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New research shows that gravitational fields around black holes might eddy and swirl

Posted June 6, 2014
black hole
This artist’s concept depicts a supermassive black hole at the center of a galaxy. The blue color here represents radiation pouring out from material very close to the black hole. The grayish structure surrounding the black hole, called a torus, is made up of gas and dust. Credit: NASA/JPL-Caltech

Fasten your seatbelts – gravity is about to get bumpy. Of course, if you’re flying in the vicinity of a black hole, a bit of extra bumpiness is the least of your worries. But it’s still surprising. The accepted wisdom among gravitational researchers has been that spacetime cannot become turbulent. New research from Perimeter, though, shows that the accepted wisdom might be wrong.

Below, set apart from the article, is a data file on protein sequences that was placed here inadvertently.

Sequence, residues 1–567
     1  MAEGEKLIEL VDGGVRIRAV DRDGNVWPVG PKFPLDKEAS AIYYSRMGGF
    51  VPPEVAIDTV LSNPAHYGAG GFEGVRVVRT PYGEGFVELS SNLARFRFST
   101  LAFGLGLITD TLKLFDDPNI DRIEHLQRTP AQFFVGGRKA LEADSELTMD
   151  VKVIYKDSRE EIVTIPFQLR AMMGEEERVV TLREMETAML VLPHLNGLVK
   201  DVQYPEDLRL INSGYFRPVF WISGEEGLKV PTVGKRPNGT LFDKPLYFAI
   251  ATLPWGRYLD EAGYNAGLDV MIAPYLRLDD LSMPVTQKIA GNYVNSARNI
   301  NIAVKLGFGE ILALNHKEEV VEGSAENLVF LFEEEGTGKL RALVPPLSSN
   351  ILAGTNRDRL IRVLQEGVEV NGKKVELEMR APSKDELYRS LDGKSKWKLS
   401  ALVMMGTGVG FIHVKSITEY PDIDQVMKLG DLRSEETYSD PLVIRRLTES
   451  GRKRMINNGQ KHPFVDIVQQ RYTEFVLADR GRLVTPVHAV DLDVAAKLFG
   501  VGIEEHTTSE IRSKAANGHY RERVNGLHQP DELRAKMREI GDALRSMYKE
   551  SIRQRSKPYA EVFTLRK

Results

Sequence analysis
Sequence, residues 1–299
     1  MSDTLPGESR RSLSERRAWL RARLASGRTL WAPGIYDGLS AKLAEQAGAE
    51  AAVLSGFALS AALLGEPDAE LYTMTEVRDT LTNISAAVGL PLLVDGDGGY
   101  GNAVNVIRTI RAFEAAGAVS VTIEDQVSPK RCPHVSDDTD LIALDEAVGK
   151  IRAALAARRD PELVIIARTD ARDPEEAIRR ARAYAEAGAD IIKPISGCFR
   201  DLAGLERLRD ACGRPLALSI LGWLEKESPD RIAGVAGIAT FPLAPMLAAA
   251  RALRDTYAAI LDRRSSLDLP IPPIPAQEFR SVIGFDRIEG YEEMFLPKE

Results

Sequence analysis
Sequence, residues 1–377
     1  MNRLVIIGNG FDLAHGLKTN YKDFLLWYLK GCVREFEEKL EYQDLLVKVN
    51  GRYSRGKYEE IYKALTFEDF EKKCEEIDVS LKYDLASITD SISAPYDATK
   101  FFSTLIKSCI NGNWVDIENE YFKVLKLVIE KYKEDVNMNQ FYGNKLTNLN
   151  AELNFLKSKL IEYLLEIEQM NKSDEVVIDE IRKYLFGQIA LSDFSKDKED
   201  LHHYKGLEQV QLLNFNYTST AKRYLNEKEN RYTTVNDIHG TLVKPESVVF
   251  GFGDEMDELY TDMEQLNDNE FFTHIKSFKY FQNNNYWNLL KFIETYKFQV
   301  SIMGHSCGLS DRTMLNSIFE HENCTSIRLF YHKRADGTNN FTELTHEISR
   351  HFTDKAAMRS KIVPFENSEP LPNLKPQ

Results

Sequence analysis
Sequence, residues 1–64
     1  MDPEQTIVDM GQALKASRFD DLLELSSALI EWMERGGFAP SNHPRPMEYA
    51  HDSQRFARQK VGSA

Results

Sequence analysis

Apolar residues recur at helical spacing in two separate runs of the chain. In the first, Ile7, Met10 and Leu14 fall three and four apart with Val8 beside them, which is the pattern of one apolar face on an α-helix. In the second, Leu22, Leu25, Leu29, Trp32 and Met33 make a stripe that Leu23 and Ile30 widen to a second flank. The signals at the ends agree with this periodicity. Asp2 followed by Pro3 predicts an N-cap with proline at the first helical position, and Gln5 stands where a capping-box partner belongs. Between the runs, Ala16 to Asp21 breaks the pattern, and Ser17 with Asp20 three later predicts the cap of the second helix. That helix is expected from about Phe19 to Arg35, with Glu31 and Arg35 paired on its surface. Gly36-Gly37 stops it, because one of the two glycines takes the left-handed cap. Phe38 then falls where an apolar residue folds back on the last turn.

The researchers followed this line of thought: Gravity, it’s thought, can behave as a fluid. One of the characteristic behaviours of fluids is turbulence – that is, under certain conditions, they don’t move smoothly, but eddy and swirl. Can gravity do that too?

Perimeter Faculty member Luis Lehner explains why it might make sense to treat gravity as a fluid. “There’s a conjecture in physics – the holographic conjecture – which says gravity can be described as a field theory,” he says. “And we also know that at high energies, field theories can be described with the mathematical tools we use to describe fluids. So it’s a two-step dance: gravity equals field theory, and field theory equals fluids, so gravity equals fields equals fluids. That’s called the gravity/fluids duality.”

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